, Volume 48, Issue 6, pp 593-602

Temporal perturbations of binocular rivalry


Successive durations of binocular rivalry are sequentially independent, random variables. To explore the underlying control process, we perturbed the cycle during a 30-sec viewing period by immediately forcing an eye to return to dominance whenever it became suppressed. During this period of forced dominance, that eye’s individual dominance durations were unusually brief, but immediately following the period of forced dominance that eye’s suppression durations were unusually long. However, no long-term change in the sequential pattern of rivalry occurred, and the stochastic independence of successive durations was maintained during and following the period of forced dominance. The same pattern of results was obtained with even longer periods of forced dominance. These results are consistent with the existence of a short-term adaptation, or fatigue, process responsible for transitions from dominance to suppression.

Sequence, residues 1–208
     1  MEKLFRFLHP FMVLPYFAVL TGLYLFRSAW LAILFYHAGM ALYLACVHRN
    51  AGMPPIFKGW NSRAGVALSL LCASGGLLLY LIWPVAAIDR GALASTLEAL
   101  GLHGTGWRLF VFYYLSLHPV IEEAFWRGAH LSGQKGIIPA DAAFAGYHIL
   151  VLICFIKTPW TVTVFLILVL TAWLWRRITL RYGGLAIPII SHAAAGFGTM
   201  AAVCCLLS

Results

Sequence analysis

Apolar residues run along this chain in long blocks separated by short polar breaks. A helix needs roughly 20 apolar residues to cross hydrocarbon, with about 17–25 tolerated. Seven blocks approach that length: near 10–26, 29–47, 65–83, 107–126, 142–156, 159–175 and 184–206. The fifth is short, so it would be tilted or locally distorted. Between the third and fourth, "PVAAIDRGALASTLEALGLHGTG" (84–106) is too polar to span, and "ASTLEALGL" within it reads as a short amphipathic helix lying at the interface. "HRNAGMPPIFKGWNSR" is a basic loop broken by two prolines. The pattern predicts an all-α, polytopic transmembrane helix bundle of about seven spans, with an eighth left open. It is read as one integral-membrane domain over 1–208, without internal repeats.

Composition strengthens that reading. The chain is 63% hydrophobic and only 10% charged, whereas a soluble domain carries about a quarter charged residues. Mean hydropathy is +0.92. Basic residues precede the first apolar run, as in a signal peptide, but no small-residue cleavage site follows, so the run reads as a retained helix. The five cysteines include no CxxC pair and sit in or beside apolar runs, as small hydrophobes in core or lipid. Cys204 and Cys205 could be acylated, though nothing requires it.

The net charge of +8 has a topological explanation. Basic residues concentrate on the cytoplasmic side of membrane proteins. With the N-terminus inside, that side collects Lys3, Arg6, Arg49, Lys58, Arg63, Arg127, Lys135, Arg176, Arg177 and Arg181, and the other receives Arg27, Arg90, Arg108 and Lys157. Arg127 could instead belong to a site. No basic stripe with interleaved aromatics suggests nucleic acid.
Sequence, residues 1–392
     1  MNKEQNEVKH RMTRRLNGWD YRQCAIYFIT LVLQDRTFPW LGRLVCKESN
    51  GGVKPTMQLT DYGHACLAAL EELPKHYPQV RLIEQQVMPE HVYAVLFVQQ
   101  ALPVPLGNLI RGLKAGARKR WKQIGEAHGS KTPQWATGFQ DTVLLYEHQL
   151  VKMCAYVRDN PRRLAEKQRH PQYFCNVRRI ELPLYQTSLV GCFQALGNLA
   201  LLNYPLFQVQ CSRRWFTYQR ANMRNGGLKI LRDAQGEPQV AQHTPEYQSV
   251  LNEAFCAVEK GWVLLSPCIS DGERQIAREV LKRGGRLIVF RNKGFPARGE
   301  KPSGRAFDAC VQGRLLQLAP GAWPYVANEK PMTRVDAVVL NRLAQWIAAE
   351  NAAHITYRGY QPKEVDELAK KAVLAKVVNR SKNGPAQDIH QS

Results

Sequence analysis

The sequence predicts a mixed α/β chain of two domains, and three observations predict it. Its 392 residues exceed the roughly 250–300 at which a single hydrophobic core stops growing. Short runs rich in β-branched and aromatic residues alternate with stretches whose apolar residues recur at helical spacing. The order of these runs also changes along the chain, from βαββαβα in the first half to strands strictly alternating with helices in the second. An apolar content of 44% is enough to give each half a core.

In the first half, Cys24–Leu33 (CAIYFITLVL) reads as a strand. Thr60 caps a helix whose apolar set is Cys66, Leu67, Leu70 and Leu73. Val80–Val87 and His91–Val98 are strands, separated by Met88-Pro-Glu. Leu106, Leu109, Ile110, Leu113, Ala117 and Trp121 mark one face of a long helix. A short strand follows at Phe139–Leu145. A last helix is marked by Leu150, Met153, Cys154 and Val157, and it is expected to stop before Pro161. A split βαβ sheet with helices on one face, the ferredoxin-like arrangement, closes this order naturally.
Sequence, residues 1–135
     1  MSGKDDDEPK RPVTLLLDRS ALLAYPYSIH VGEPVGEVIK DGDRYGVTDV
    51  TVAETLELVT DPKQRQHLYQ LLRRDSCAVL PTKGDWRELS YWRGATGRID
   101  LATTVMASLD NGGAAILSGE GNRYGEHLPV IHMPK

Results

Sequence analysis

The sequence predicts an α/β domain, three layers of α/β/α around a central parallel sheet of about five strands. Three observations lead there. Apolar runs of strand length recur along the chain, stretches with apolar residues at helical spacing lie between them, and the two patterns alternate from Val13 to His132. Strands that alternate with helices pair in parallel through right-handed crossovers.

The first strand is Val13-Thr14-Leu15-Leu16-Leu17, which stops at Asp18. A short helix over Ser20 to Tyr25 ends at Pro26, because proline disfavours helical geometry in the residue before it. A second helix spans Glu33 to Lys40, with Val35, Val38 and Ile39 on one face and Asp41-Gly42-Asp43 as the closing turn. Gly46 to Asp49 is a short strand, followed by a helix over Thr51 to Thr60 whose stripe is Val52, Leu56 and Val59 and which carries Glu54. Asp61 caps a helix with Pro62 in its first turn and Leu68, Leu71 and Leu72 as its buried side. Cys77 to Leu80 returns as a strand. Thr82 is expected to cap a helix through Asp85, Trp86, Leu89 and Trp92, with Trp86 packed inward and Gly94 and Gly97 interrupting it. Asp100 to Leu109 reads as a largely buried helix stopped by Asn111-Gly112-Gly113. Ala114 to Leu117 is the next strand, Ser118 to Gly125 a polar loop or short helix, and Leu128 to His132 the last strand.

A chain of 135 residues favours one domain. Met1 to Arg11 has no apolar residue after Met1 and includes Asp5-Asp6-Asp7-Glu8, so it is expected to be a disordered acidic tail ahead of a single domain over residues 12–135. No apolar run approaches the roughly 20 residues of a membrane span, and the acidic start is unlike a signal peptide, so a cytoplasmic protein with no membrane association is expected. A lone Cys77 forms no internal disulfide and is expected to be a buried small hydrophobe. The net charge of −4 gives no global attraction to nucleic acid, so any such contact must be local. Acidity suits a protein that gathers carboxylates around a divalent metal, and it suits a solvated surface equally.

This work was supported by National Institutes of Health Grants EY07760 and EY00590. Portions of this work were described at the 1989 meetings of the Psychonomic Society in Atlanta, GA.